Oil production compatible with forest
By Elton Gallegly
National forests are, by definition, multi-use lands. Unlike national parks, from which the harvest or removal of natural resources are generally prohibited, national forests are designed for recreation, livestock grazing, fish and wildlife habitats, timber harvesting, watershed protection and, yes, oil and gas production.
Such is the nature of the Los Padres National Forest, a spectacular tract of land composed of 1.75 million acres of semi-desert, chaparral and forests stretching across nearly 200 miles and six counties, including Santa Barbara and Ventura counties. It is home to the Sespe Condor Refuge, which my former congressional colleague Bob Lagomarsino and I championed through Congress, and the Sespe Creek, which we also succeeded in getting designated as a component of the National Wild and Scenic Rivers System.
It also has a long history of producing oil and natural gas and is, in fact, the only national forest in California that produces oil and natural gas.
Given its history and its designation as a multi-use resource, I'm a bit perplexed by the uproar over plans to expand oil production in the forest. We're not talking about oil rigs perched every hundred feet across the forest. The Forest Service has identified two preferred alternatives should oil production expand. One would have a total footprint of 45 acres, which includes a total of three miles of new roads. The other is even more restrictive - one mile of roads with a total footprint of 23 acres.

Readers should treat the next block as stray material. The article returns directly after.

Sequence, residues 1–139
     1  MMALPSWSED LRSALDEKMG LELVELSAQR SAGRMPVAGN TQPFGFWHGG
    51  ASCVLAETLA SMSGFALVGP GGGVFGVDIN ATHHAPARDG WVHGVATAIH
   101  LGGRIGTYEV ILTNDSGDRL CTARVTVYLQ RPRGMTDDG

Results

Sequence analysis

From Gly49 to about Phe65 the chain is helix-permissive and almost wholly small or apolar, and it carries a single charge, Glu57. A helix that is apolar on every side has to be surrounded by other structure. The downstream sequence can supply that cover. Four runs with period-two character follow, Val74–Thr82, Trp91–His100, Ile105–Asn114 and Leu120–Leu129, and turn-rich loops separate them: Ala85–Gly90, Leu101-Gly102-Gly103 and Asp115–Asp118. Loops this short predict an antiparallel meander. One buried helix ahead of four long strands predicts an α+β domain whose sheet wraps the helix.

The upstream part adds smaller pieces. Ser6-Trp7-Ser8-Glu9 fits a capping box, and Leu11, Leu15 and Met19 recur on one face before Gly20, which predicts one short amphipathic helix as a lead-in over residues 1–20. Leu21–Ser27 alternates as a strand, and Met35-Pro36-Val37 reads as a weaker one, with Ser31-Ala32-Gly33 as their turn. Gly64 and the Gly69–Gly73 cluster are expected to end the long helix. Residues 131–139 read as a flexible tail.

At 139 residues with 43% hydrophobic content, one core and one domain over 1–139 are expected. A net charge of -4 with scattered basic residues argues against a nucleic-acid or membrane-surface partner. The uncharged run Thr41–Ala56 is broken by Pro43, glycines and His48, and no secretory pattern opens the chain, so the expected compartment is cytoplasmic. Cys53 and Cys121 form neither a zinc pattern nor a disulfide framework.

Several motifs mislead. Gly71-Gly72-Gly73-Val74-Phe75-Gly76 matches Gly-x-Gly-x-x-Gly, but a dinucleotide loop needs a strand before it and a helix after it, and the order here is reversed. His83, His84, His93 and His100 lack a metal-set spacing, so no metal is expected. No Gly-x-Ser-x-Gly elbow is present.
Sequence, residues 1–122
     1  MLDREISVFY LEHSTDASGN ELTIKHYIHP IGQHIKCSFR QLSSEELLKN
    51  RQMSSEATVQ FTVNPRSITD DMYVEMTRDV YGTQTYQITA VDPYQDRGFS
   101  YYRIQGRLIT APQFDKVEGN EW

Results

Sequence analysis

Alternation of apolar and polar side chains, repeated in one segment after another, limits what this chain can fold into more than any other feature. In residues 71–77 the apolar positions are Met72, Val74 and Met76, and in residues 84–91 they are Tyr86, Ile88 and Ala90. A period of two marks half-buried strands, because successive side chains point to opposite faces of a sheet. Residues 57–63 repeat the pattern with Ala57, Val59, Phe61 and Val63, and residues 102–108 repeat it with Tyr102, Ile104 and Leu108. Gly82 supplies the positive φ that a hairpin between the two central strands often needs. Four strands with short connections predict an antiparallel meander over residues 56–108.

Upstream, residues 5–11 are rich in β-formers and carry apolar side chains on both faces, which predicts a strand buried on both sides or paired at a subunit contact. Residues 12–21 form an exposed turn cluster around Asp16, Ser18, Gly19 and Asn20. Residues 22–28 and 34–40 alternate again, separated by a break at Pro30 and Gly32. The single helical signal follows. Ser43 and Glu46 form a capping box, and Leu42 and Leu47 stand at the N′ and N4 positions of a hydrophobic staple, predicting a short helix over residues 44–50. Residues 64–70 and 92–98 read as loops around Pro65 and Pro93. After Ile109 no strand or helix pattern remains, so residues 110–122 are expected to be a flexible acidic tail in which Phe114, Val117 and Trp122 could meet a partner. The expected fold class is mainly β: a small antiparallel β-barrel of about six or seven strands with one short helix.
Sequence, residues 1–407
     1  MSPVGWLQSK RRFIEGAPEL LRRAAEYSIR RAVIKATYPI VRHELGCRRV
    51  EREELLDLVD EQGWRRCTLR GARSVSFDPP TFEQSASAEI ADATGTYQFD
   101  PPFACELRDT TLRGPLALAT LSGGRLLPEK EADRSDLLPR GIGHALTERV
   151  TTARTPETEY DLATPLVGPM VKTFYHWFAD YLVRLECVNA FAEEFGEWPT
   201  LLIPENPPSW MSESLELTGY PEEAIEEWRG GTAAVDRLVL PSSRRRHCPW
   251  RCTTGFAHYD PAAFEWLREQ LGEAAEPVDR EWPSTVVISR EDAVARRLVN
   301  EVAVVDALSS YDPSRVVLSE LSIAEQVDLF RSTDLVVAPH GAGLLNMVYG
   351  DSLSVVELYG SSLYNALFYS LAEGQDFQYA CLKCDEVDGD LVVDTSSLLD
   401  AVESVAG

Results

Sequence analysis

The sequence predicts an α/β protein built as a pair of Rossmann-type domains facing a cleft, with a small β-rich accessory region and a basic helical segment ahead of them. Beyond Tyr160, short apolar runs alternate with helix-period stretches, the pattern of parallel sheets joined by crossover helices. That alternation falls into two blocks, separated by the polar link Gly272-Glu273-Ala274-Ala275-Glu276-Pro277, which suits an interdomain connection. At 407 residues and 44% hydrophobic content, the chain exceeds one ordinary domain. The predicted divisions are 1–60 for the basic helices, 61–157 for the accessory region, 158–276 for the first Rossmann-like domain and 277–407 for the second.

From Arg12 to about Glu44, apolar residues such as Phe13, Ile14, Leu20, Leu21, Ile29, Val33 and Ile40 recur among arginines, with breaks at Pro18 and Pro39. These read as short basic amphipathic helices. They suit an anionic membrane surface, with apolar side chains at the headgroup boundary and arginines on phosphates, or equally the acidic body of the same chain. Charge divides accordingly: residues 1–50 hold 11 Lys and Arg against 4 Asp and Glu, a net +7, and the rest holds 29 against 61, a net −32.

If we take the heaviest-use scenario, we're talking about opening less than 0.000026 percent - 2.6 hundred-thousandths of a percent - of the forest to oil production.
These wells also would be spread out across a wide area. They would have a minimal impact on a forest that is already producing commercial quantities of oil and natural gas.
We need to move away from extremist environmentalism and move toward common-sense environmentalism. Common-sense environmentalism strives for clean air and water, open spaces in which to recreate, sensible wildfire controls and set-asides for natural habitats. Common-sense environmentalism also recognizes private property rights and the need to use our resources for the benefit of society. In short, common-sense environmentalism is about balance.
There is balance in the proposal to expand oil production in the Los Padres. In expanding oil production, the Forest Service is still bound by the Endangered Species Act and other laws protecting wildlife. The small footprints take into account the 23 threatened and endangered animals in the forest and the three threatened and endangered plant species.
California condors are more in danger of dying from ingesting trash left behind by hikers and campers than they are from oil production facilities.
If we are to become less dependent on foreign sources of oil, we must develop supplies here at home. So-called renewable energy sources only go so far and have their environmental impacts as well. The wind turbines in Altamont Pass kill about 500 birds of prey every year. That's an astronomically higher impact than the proposed oil production in the Los Padres.
Los Padres' history proves that oil and natural gas production are compatible with a national forest. It's common sense to let it proceed.